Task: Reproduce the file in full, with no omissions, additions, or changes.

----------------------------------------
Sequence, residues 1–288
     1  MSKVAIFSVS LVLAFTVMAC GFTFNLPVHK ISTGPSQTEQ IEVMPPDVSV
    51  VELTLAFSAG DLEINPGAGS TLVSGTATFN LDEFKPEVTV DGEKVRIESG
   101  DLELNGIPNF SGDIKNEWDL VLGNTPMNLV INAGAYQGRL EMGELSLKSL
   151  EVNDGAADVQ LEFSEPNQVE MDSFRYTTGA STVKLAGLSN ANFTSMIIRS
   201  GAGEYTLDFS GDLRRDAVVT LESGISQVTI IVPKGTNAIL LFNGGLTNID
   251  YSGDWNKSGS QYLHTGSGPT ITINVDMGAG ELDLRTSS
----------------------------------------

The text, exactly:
Sequence, residues 1–288
     1  MSKVAIFSVS LVLAFTVMAC GFTFNLPVHK ISTGPSQTEQ IEVMPPDVSV
    51  VELTLAFSAG DLEINPGAGS TLVSGTATFN LDEFKPEVTV DGEKVRIESG
   101  DLELNGIPNF SGDIKNEWDL VLGNTPMNLV INAGAYQGRL EMGELSLKSL
   151  EVNDGAADVQ LEFSEPNQVE MDSFRYTTGA STVKLAGLSN ANFTSMIIRS
   201  GAGEYTLDFS GDLRRDAVVT LESGISQVTI IVPKGTNAIL LFNGGLTNID
   251  YSGDWNKSGS QYLHTGSGPT ITINVDMGAG ELDLRTSS